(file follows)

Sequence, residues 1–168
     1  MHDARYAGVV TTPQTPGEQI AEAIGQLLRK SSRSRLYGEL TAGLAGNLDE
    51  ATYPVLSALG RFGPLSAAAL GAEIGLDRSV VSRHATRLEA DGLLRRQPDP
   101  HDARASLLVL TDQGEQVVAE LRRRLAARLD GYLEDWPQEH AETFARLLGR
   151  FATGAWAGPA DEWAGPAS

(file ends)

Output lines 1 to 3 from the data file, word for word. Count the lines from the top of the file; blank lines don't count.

Sequence, residues 1–168
     1  MHDARYAGVV TTPQTPGEQI AEAIGQLLRK SSRSRLYGEL TAGLAGNLDE
    51  ATYPVLSALG RFGPLSAAAL GAEIGLDRSV VSRHATRLEA DGLLRRQPDP